- Research my public information to talk about other work I’ve done.
- Legitimately demonstrate how adding their link would be beneficial for my site (e.g., are most of the competitors for my SEO search term linking to them, meaning my article might appear incomplete without that link?)
- Make a joke based on what I wrote to show me they’re a real person paying one-on-one attention to my website specifically.
Would any of those solutions take more time? Absolutely. Could they all improve success rates? Also absolutely. Would they make the cold emails from this sender feel important and not just like more email clutter? For a third time, absolutely.
If you’re looking for help with more advanced personalization, GMass has a few unique tools you can use to personalize your emails in ways that don’t “feel” like normal mail merges.
And with conditional formatting, you can use “if-then” statements to add relevant messages to recipients. (Check out this example, using GMass’s conditional formatting to tailor a message based on a recipient’s job field.)
Build better cold email lists to improve relevancy
Advanced personalization can take time — and would be awfully hard to do for giant lists. It’s not impossible, especially if you figure out clever ways to personalize at scale, but hard.
Which is why it’s great to build smaller, highly-targeted cold email lists. Rather than casting a wide net to a ton of contacts who may or may not be interested in what you’re offering, cast a tighter net to contacts who are far more likely to be interested.
Then you can take a few minutes per contact for research and real personalization.
You can always expand your campaign out to a larger group of people if you don’t get the results you want with your targeted first send.
Allow people to opt-out (and respect those opt-outs)
It’s smart to allow people to opt-out of your emails, giving those people the opportunity to take a step toward reducing their email volume.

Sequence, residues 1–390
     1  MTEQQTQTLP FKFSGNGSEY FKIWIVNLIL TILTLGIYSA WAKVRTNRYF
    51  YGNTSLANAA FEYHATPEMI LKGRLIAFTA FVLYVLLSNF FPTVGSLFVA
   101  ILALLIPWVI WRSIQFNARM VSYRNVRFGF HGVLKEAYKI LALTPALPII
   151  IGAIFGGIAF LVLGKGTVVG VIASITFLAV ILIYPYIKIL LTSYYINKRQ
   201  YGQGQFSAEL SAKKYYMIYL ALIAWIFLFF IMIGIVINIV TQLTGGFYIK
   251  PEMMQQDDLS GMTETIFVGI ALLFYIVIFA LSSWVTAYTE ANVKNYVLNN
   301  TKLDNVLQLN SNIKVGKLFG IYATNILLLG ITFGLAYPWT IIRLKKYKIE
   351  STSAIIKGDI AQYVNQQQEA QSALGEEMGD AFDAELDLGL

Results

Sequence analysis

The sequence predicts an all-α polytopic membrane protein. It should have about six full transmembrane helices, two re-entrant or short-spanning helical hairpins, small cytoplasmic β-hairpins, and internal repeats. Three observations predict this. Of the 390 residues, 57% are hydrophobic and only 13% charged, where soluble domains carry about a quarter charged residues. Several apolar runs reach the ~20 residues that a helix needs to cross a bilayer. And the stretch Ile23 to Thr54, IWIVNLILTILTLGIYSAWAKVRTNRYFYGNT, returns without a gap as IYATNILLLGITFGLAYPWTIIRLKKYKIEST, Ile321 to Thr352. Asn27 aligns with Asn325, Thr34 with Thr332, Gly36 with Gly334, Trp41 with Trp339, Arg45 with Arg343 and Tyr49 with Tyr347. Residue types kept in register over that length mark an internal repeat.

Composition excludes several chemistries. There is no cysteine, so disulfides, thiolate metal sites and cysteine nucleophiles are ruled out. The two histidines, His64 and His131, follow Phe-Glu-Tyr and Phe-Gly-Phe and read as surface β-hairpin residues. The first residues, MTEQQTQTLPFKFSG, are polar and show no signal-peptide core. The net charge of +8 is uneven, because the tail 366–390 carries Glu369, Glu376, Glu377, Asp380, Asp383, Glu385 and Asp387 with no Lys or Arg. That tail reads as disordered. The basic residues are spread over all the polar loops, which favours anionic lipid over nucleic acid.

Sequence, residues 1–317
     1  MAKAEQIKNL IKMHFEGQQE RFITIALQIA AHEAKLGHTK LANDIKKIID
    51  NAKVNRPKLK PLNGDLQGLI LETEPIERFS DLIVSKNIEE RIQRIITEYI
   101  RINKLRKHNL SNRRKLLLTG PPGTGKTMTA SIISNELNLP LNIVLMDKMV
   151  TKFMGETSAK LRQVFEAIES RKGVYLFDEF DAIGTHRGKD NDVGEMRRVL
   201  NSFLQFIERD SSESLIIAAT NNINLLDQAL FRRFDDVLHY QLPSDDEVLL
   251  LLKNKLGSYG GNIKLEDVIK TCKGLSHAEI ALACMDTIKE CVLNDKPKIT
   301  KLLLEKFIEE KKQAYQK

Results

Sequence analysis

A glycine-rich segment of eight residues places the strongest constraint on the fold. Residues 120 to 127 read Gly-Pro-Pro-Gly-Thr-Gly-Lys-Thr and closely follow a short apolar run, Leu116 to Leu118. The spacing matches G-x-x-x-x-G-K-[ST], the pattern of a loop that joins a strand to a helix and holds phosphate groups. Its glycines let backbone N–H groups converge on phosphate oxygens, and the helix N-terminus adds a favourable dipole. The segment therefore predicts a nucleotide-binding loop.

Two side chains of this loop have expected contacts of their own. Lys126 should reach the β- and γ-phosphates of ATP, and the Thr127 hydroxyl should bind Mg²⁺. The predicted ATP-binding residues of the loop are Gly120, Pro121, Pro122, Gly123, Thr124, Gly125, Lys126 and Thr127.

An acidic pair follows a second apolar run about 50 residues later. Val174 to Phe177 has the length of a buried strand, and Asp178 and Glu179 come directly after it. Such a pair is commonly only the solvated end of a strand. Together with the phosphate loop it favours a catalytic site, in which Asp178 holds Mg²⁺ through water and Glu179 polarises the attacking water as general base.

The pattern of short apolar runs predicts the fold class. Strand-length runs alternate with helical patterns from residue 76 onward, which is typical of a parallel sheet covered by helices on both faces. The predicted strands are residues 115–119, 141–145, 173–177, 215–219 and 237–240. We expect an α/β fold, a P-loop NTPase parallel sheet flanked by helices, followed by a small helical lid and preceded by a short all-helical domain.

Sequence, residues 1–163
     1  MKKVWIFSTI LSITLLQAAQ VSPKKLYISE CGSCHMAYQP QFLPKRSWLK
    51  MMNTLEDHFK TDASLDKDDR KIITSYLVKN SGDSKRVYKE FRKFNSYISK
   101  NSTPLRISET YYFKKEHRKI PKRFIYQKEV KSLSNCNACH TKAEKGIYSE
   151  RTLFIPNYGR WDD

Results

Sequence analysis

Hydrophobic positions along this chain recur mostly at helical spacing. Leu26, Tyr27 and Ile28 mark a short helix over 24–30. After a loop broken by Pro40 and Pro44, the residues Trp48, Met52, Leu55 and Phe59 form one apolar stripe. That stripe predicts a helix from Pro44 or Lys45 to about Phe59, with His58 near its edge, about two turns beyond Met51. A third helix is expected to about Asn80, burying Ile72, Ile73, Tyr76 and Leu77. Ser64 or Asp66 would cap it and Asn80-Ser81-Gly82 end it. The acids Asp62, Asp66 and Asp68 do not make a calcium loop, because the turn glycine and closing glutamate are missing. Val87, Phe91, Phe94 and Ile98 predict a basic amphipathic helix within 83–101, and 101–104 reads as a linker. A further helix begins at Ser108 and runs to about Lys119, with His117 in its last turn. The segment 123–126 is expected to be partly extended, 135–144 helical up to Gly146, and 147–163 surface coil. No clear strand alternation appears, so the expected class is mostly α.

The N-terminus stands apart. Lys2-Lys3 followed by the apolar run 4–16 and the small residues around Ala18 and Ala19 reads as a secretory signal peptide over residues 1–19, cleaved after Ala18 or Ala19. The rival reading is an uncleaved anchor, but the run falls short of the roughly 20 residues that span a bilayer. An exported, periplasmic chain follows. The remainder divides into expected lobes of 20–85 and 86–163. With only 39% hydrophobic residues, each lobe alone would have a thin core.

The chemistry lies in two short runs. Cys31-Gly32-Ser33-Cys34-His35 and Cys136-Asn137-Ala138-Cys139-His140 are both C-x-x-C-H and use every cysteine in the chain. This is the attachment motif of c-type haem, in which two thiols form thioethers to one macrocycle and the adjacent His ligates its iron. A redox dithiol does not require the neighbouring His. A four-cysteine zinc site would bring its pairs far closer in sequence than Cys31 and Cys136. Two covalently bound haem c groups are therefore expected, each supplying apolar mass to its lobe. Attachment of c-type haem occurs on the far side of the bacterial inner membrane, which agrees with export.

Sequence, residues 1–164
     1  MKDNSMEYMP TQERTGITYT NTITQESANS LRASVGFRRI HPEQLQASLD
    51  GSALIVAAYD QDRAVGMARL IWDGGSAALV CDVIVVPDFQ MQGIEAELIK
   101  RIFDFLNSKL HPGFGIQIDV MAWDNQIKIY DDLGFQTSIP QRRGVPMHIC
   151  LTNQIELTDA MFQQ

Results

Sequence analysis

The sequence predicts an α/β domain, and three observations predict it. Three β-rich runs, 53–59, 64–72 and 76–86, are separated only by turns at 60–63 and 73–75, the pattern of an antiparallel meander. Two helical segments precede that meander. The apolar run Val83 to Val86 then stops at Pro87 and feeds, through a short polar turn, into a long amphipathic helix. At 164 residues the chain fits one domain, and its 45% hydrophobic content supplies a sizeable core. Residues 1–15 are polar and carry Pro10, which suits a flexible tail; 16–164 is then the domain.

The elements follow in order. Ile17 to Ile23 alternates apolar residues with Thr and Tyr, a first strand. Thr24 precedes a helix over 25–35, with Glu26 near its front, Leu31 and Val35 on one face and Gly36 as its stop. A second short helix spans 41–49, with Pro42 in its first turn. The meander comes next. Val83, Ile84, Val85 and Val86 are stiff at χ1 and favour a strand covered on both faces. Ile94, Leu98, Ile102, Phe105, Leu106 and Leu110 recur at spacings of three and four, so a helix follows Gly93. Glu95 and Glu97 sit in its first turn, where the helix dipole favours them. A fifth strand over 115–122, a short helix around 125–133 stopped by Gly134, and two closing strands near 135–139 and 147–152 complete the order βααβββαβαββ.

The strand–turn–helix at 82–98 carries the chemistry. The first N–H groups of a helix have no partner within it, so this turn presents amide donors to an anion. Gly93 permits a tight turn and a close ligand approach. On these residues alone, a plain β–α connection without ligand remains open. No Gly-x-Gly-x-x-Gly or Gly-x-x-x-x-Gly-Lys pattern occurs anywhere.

Add an unsubscribe link to your emails (with GMass, you can add it with one click).
From then on, GMass will suppress any future emails you try to send to that address. You don’t have to do the bookkeeping yourself and remove the address from your lists; GMass will handle the unsubscribe management for you.
Run tests to find the line between good aggression and destructive aggression
Email frequency is an eternal debate without a definitive solution. How often should you email a group of contacts? Where’s the line between being successfully persistent versus being too irritating (leading to unsubscribes and negatively affecting success rates)?
The answer is different for every cold emailer and every audience. So your best way to find out is… to test.
Try sending a campaign with two automated follow-ups, then one with three, one with four, ones with even more. Chart your results and find your ideal number of follow-ups.
You could also test out re-targeting campaigns. Use GMass’s segmentation features to send campaigns a month after your initial send — but just target specific groups, like people who opened but didn’t reply.
Once you find your most effective frequency, you can stick with it — as to not add unnecessary and unwanted email volume for your future recipients.
Send Better Cold Emails to Ruining Email: Takeaways
Are we all getting too much email? It’s possible. And while cold email isn’t the sole culprit, it can be one of the contributors.
You can personally take steps to send better cold emails — so you’re sending a recipients a reasonable number of relevant, targeted, personalized emails.
When done right, cold emails don’t have to be part of inbox clutter — they can join the ranks of the genuinely valuable emails that stand out from the rest of the inbox.
Of course, you’re not the only person sending cold email, so you alone won’t make the difference between “everyone’s flooded with email” and “hey, you know what, I don’t get that many emails.”
But this is one of those “think globally, act locally” situations. You’ll do your part to improve cold emails and take one step toward making sure cold email isn’t ruining email for everyone.
Side effect: Your cold emails will probably be even more effective if you follow these tips, so it’s a win-win.
Download the GMass Chrome extension to get started using GMass for better personalization and sequences — and more effective cold emails that won’t contribute to unwanted inbox clutter and email overload.